First, recall that pointers are variables which contain an address to some other variable. So if you have a variable
int* n, this defines a variable
n, which contains the address of some place in memory of where to find an integer.
Each location in memory is given a unique number. Pointers are numbers which refer to locations in memory. So a pointer with the value
1000 will refer to whatever happens to be at the
1000th location in memory.
What is the difference between char word[length] and char *word = malloc(sizeof(char) * LENGTH)??
A program written in C uses two places to store things, namely the stack and the heap.
The stack is used to store local variables. Any variable you type out in code will be stored on the stack. When a function is called, all the variables in the function are added to the stack while the function is running. When the function returns, all the variables are removed from the stack. This is referred to as static memory since the size cannot change while the program is running.
The heap is used to store things which can change while your program is running. This is called dynamic memory since it can change. While the program is running it will calculate how much memory it needs, and "allocate" that space on the heap. The operating system (OS) will find an unused chunk of memory of the requested size, which no-one else is using, and return a pointer to it, so that the program knows where to access the memory. This is what
char *word = malloc(sizeof(char) * LENGTH) is doing - it's asking the operating system to find it a piece of memory which is
LENGTH number of
One analogy might be to think of the stack like your house, and the heap as everything outside it. You lay out the plans for your house by writing code. When the program runs, it's like the house is built from the plans. Once the house is built it is a certain size and shape and (generally) does not change.
Now say you want to keep some elephants (a large amount of data). You could keep the elephants in some rooms in your house (keep data on the stack), but then you could run out of space if you design your house too small, or you could end up wasting space if you design your house too large.
You could also just keep them outside (allocate data on the heap). So you ask the city (the operating system) for a zone to keep your elephants. The city allocates some land, and gives you a note with the address of where your elephant is kept. This is the pointer to the elephant. When you want to look at the elephant, you read the address off the note, and go to that location.
You still keep the pointer (the letter) in the stack (the house), but it takes up much less space in your program compared to storing the data (the elephant). The other advantage is if you need space for more data (more elephants), you only need to ask the city (the operating system) for more space.
In char * word, what is the meaning of &word, word and *word?
word is a the location of a
char variable somewhere in memory. There may be many chars stored after this location, but the pointer refers to the first
char. This will be some number which is a memory location, e.g.
*word is the value that
word points to. In the case of a
char, this will refer to some ASCII character, e.g.
&word in this context makes little sense. It's basically getting the location of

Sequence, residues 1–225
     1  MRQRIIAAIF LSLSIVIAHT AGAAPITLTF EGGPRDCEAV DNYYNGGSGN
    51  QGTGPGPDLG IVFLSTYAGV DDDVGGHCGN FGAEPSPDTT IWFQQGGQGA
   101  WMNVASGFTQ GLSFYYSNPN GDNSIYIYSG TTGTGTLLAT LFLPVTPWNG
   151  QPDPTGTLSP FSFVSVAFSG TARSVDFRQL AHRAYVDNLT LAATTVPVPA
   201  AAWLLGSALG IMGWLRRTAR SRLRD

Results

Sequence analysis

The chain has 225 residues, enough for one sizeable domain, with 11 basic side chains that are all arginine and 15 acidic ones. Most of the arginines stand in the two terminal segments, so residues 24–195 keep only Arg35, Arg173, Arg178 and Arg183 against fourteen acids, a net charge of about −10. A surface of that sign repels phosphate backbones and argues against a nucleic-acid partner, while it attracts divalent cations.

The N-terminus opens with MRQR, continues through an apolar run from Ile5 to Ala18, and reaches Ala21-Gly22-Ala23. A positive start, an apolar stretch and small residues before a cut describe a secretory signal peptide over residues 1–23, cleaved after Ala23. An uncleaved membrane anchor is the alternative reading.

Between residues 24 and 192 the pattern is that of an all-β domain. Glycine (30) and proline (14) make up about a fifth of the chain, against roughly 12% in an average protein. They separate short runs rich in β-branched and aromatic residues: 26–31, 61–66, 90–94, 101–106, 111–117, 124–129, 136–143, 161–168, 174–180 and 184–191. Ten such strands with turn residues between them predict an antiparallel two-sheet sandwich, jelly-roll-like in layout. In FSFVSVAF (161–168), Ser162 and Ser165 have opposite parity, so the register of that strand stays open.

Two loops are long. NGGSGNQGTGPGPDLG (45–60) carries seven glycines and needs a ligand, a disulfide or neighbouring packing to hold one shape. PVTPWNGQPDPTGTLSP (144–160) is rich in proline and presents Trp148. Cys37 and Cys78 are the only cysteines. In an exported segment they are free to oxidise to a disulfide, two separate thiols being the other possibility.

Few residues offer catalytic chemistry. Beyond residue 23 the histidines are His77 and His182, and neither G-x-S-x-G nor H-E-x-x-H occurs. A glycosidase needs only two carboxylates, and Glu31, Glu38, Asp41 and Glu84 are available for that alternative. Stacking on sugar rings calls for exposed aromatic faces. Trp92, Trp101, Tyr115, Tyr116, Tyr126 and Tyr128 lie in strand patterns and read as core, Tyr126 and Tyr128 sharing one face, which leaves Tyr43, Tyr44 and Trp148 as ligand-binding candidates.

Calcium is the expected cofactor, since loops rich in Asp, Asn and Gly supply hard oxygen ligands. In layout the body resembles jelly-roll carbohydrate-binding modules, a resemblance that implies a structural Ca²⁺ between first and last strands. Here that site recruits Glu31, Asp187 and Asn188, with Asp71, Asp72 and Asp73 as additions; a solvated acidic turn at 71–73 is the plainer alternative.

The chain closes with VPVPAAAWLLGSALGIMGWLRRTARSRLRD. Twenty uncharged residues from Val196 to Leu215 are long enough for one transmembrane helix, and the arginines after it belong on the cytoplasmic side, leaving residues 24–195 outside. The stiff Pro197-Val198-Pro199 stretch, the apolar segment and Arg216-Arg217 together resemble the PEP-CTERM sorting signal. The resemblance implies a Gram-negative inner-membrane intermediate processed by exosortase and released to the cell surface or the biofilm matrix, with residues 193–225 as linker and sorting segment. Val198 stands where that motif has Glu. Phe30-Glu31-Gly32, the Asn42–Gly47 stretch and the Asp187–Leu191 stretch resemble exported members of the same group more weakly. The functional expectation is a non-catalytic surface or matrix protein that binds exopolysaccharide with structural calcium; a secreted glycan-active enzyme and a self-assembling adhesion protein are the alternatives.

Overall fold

word, or in other words, converting into a pointer. In your example
word is already a pointer, so you're asking for the address of a pointer.
Some vocabulary might help when reading and writing code dealing with pointers.
First rule, read pointer definitions from right to left. For example:
char * word
Read this as
word is a
* (pointer to) a
When you write
n = *word, or
*word = 'A', you are dereferencing the pointer, or in other words, "going to the location that the pointer refers to". Another way to think of this, is you are converting a pointer back into the type that it refers to. So in your scenario
*word, means "get the value that
word points to".
& is the "address of" operator. This is saying, get the location in memory of where a variable is stored. For example, if you have a variable
char word, using
&word will give you a pointer to
What is the meaning of NULL in pointer, does it mean word points to memory but memory have nothing OR word doesn't point to memory at all in case word has NULL?
NULL is directly equivalent to
0. Using your earlier example, if you have a variable
char* word = NULL, this is like saying
char* word = 0. In theory it's referring to the very first byte (the zeroth byte) in memory, although in practice the program takes this to mean that it refers to nothing.
In other words,
word will have an address which is exactly
0. Using the prior example of the letter, this is like saying you have a letter but the address on it is blank.
If there is function that receive something as pointer, How do i pass an argument to it? For example i want to send char * word as parameter, How do i do it?
Such a function definition might look like this:
void swap(int* a, int* b)
// swap *a with *b
This function requires a pointer to an
int. There are two ways to pass the variable to the function, depending on the type of the source variable. If the variable being passed in is a pointer, then it can be used as-is, because it is already the same type:
int* a = NULL;
int* b = NULL;
// allocate memory for a and b, and assign values
However, if the variable is not a pointer, but instead a local stack variable, then it first needs to be converted to a pointer, using the "address-of" operator
int a = 7;
int b = 3;